To say it’s important to specifically include anyone that you wish to be inheriting your assets by name is truly an understatement. Courts have, at times, sided against individuals likely intended to be the recipients of an inheritance simply because the language in the legal documents was vague.
So along those same lines, and reiterating the importance of being specific when drafting estate documents, here is another example of how the smallest word can make a huge difference.
No Hollywood Ending Here
Peter Bing was a New York City doctor who set up and funded Trusts for six grandchildren. At the time, he had no grandchildren, so he was being forward thinking. Except, since no grandchildren yet existed, the trusts were not superficially named. They were given names such as “The First born grandchild of Peter Bing; The Second born grandchild of Peter Bing, etc.”
Fast-forward 30 years and Peter now has two children. Mary also had two children from her husband, and Stephen had no children to his wife. Stephen Bing, however, made it big from investing in Hollywood films, most notably, “The Polar Express” and “Beowulf,” among others.
While still married to his wife, Stephen had relationships with two other women and each resulted in a child; Kira and Damian. The latter of which was to the actress Elizabeth Hurley. At the time, Stephen denied being the father to both children.
Who’s Checking On Whom Here?
Clearly, paternity of the two children does not remain in question. In regards to the first child, Kira, her mother was not seeking to prove paternity, but rather it was her husband, the billionaire owner of MGM studios, who was trying to get out of paying child support during their divorce.
He hired a private investigator to go through Stephen’s trash to find something, anything, containing DNA, (dental floss in this case) which was then used to prove paternity. Paternity of the second child was proven more traditionally, via a court ordered test.
As per the language of the Trusts, they were to be paid out to the unnamed grandchildren in October 2020. A few months prior, Stephen committed suicide. His father, and the original creator of the trusts, Peter, was still living.
When Peter, the grandfather, originally created the trusts, he never imagined the funds going to children he never met. He signed an affidavit with a declaration stating his position that the Trusts were only intended for Mary’s in wedlock children and gave such to the third-party Trustee of the Trusts.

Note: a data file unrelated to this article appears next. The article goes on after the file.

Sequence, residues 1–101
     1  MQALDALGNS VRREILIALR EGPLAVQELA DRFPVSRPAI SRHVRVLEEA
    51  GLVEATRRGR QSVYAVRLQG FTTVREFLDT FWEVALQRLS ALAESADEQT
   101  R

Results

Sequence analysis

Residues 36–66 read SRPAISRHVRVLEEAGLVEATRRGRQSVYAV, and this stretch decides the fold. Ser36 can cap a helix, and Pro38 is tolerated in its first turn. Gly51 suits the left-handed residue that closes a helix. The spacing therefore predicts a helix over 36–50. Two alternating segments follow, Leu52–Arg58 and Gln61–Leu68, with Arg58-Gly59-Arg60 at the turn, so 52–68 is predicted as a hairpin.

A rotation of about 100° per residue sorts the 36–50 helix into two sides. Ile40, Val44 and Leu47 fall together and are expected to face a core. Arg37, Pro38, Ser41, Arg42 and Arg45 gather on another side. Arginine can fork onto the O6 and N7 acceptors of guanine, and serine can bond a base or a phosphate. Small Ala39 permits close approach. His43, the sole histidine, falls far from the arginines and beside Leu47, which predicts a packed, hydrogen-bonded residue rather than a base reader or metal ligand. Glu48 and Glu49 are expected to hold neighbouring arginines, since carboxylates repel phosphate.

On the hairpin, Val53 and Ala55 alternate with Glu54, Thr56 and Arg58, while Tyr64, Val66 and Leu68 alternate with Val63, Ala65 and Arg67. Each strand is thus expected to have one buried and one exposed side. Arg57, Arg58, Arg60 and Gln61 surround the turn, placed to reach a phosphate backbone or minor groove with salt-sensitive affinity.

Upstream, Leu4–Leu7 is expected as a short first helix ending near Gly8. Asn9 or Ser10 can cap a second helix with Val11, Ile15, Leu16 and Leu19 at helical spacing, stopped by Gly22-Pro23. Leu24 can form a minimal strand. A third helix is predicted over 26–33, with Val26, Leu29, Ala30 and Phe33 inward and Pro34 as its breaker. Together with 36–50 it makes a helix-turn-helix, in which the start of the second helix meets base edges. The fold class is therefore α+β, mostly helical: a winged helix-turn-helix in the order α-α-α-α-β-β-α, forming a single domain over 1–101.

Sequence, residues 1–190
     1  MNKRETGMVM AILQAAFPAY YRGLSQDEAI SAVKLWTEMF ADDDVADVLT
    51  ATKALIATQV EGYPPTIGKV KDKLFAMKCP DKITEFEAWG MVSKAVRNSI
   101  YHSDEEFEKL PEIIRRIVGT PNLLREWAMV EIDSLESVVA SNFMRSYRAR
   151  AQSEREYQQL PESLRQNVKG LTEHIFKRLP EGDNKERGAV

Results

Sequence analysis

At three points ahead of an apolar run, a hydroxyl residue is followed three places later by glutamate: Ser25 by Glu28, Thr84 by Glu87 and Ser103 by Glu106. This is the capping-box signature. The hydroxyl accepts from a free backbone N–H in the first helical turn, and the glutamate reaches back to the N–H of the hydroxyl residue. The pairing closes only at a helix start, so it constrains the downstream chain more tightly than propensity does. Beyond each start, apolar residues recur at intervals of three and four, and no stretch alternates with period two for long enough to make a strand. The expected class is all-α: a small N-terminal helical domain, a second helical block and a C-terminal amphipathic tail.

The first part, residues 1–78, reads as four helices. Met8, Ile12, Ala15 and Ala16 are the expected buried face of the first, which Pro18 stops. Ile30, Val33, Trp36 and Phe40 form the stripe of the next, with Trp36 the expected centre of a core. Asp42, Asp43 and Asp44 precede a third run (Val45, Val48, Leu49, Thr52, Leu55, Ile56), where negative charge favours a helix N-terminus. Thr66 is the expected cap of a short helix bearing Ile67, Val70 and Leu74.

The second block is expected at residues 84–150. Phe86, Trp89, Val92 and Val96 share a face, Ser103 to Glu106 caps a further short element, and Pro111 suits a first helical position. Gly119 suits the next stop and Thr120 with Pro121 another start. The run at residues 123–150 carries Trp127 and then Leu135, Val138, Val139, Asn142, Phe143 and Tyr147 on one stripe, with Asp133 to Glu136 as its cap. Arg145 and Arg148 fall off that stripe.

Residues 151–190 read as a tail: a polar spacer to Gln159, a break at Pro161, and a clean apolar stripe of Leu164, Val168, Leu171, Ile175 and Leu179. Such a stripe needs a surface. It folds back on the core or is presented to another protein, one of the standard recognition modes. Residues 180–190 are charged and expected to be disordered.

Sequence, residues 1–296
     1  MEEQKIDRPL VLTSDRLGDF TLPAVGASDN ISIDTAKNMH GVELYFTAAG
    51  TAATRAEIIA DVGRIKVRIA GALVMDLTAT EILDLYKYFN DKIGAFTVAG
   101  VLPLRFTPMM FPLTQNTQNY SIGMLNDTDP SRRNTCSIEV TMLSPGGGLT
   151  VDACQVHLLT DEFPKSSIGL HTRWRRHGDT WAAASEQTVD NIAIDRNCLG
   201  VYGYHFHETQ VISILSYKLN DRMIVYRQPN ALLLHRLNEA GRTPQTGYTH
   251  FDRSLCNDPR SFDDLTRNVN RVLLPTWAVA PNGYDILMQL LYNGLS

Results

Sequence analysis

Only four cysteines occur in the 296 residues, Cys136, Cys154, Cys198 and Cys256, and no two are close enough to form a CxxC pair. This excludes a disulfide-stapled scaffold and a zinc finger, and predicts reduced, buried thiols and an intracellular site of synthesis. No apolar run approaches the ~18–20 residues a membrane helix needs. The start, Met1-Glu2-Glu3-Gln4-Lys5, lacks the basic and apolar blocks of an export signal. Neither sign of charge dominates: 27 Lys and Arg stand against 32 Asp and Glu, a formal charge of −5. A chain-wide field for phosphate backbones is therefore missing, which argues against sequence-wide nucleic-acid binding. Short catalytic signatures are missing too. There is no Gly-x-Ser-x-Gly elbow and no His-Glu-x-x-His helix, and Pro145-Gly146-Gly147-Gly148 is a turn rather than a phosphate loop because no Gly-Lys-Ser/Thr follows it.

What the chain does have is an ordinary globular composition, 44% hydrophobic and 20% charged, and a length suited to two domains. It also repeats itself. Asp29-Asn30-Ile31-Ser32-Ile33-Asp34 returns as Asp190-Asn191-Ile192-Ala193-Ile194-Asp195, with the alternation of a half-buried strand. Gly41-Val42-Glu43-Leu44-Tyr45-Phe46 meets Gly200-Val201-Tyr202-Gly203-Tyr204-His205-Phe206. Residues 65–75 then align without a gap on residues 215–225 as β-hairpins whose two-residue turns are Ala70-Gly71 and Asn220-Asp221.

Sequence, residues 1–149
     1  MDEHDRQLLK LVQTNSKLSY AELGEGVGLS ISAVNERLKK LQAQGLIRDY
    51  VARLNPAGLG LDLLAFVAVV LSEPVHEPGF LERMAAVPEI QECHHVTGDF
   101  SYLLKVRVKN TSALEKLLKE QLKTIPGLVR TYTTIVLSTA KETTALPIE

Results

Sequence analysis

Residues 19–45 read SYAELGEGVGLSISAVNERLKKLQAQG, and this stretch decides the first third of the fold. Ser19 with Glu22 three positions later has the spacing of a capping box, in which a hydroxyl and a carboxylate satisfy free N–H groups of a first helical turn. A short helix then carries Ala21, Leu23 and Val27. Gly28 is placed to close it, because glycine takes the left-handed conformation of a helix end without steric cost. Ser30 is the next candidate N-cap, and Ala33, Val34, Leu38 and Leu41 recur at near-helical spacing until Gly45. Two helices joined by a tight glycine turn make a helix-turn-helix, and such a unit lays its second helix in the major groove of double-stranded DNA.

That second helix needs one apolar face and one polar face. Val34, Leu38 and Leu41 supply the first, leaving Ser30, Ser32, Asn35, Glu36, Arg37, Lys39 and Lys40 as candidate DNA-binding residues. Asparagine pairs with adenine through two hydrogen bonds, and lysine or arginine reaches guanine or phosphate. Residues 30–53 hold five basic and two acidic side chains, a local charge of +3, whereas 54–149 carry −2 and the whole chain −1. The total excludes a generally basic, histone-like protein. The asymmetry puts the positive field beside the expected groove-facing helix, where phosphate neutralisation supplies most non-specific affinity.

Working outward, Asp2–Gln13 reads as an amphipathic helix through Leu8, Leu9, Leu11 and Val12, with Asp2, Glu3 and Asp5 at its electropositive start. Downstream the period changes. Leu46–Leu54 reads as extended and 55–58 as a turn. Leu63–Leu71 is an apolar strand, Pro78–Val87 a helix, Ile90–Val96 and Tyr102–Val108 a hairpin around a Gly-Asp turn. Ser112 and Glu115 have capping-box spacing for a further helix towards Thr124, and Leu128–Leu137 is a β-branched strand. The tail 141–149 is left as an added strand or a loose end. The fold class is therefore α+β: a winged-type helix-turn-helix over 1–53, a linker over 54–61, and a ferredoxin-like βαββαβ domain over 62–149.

Using this, the Trustee refused to pay out to Stephen’s children. Not surprisingly, a court battle ensued. It should be noted that when drafting the Trust documents, there was no provision included for a scenario where a Trust never actually had a beneficiary. If you recall, six Trusts were set up, but only four grandchildren existed – not that there was any definition for the term, “grandchild,” within the Trust. Most believed that Kira and Damian would ultimately prevail with about $250 million in each Trust, which was a significant issue.
In the lower court they did prevail. The Court noted that “grandchildren are grandchildren,” and current law makes no distinction regarding in or out-of wedlock. If the grandfather wanted to make such a distinction, he should have done so when crafting the Trust.
On appeal however, surprisingly, the Court found against the out-of-wedlock children and granted the full value of the Trusts to Mary’s two children.
The Court used a few different factors in making this judgment, most notably, the fact that the children never resided with their father, never had any type of relationship with him, and, for all intents and purposes, did not exist in his life. Never even meeting Damian, they also never had a relationship at any time with the grandfather.
Secondly, the Court gave great weight to the affidavit of the grandfather spelling out his intentions when creating the Trust – even if the language used was wanting – and deferred to the decision of the Trustee to not pay out.
Was the Ruling Fair?
That’s up to interpretation. But what is not is the fact the entire, multi-year-long very expensive court battle could have been avoided. Let me stress the importance of definition. One must carefully define “grandchildren.” Think about it. Who knows what advances in medical technology may make possible in ways we cannot possibly think of now?
In fact, there was a recent case to determine intended heirs after a woman decided to have a child using her deceased husband’s frozen DNA while married to her second husband. Situations like this can quickly become complicated.
Secondly, if you can, always replace vague terms with actual names. If you have a future unborn person as a beneficiary, please put his or her name in as soon as you know if a girl or a boy. Have provisions in the documents to cover all realistic scenarios you can think of.
Please contact me at The Meredith Group today if you have questions. I would happy to help.